Aquaculture: Tools, resources and research
This is a research round-up of our tools, resources and research that are relevant to aquaculture. It is a living document, and more tools, resources and research projects will be added as they are developed. Date: 22 July 2021
The following tools, resources and research projects were developed with stakeholders and Māori partners.
Some tools or resources are available to use now, others may require further development by users. Upcoming research - projects currently underway - are linked at the end of this page.
- Real-time forecasting tool - Aquaculture farmers can use the tool to help manage shellfish harvest and minimise the number of days unnecessarily closed to harvest. Currently only applicable to Tasman and Golden Bay. Costs to maintain this is estimated between $5-7,000 per month (depending on the extra features). Sampling costs are not included. With some further validation and testing this model could replace existing harvest rules. For more information contact Ben Knight, Cawthron.
- Ocean Plastic Simulator - The aquaculture industry could use the particle tracking model behind this digital tool to track or predict larvae, spat, or lost equipment, and track the spread of disease or invasive species between farms.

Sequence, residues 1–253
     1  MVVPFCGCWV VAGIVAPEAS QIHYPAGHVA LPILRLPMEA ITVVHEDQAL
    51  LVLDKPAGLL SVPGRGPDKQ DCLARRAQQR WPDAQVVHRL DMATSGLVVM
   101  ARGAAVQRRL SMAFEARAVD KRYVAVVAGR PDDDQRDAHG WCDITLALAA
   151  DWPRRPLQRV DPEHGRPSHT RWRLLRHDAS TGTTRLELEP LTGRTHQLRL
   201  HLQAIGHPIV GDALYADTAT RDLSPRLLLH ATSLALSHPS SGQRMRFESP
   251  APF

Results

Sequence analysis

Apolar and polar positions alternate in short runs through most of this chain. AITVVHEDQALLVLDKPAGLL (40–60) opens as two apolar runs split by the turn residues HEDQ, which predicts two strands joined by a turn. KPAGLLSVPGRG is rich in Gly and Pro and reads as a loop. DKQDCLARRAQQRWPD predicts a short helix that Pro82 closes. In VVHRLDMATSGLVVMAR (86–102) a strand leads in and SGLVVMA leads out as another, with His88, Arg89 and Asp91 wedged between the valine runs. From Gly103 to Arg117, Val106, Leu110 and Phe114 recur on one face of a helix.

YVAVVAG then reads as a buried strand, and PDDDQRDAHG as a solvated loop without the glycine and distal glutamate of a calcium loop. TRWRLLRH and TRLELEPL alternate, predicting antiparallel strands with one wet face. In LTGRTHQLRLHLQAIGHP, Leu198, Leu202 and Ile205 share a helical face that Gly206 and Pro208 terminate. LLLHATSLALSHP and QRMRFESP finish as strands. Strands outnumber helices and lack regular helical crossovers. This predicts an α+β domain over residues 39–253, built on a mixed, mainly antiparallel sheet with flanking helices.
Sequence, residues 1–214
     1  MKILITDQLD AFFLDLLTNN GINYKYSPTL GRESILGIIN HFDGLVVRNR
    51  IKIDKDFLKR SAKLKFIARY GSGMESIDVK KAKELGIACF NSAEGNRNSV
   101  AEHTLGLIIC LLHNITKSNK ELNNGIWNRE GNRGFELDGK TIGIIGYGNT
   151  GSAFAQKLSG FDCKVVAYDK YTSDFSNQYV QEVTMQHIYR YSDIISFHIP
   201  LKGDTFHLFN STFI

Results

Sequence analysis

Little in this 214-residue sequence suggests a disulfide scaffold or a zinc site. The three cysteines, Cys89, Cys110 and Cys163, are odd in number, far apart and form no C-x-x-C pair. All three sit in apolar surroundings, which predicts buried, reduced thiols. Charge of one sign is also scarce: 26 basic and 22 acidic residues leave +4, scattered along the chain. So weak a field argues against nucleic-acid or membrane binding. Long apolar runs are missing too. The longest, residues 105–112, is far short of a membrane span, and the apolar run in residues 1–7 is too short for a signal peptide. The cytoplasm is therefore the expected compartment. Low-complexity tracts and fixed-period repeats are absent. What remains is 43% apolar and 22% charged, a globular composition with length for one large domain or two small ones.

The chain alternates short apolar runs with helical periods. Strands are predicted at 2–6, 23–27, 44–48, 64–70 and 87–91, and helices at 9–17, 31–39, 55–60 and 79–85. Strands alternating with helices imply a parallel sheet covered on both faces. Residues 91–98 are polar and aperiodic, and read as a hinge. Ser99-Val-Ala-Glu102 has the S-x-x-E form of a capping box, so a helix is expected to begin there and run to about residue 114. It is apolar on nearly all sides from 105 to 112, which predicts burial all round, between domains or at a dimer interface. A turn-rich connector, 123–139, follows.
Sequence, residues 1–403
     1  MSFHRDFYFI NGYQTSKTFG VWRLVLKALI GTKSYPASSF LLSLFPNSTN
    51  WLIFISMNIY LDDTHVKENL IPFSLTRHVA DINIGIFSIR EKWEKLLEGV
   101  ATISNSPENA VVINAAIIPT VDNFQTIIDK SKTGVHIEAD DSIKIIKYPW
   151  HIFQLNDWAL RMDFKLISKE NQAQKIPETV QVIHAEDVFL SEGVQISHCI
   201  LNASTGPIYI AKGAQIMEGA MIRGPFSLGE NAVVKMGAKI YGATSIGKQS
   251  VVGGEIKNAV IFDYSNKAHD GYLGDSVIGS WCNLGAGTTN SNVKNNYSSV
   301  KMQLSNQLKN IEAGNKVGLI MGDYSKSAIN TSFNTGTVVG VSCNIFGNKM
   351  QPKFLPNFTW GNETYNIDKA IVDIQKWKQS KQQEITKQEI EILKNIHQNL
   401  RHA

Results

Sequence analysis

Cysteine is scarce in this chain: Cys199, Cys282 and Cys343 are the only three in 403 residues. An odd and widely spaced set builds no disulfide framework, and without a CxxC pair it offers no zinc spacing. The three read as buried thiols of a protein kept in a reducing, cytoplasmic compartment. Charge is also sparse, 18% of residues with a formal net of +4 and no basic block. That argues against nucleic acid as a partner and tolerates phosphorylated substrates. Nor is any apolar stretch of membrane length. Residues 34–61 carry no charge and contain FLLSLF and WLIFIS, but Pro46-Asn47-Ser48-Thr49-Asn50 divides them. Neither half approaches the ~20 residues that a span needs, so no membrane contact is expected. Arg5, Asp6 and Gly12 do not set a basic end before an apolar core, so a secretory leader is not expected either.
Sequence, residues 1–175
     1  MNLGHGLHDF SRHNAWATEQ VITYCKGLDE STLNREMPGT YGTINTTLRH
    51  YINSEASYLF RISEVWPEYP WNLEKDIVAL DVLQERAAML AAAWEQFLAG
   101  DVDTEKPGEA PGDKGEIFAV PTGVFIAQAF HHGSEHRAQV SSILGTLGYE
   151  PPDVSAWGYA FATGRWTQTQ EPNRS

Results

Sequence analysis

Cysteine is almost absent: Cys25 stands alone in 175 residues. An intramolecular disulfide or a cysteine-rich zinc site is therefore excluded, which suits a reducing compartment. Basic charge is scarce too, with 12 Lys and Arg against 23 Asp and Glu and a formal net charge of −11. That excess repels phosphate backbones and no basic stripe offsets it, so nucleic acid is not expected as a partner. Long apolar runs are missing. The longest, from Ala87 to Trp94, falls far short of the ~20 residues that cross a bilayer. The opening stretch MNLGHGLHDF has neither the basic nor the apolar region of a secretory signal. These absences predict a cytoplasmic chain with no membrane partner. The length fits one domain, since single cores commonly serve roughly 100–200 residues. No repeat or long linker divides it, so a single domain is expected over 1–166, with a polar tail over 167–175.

- Social licence to operate language - This poster summarises the types of verbs that should be considered when discussing social licence to empower communities and build the genuine relationships required for social licence.
- Ingredients tool - If an aquaculture company is planning to expand operations, set up a new farm, or to improve community relationships, this can be used to structure discussions and encourage deep conversations.
- Aotearoa Cumulative Effects framework - A tool to help planners and agencies collaboratively manage
cumulative effects across a range of scales (spatial and temporal), developed in partnership with Aquaculture New Zealand, government agencies and community representatives.
- Ecosystem models - We developed a suite of ecosystem models to explore the implications of a range of environmental or management scenarios in Tasman and Golden Bays.
Mitigating ocean acidification around mussel farm - Two strategies – waste shell and aeration – were tested in field experiments to see how effective they are at mitigating acidification around mussel farms.
- Ecosystem services maps - Biogenic refuge habitats in Hauraki Gulf, Queen Charlotte Sound, and Tasman Bay, Golden Bay and Marlborough Sounds.
- Detecting harmful algal blooms - Our aim was to develop simple, cost-effective sensitive tests that could be used by public health agencies, communities and the aquaculture industry to detect and monitor harmful algal blooms.
- Tracking ocean plastic
- Measuring and mapping ecosystem services
- Which ecosystem model works best for what you need?
- Detecting and forecasting coastal contamination
The projects listed below under 'Related projects' are doing research directly related to aquaculture. Visit the project pages for more information including expected outputs and timelines.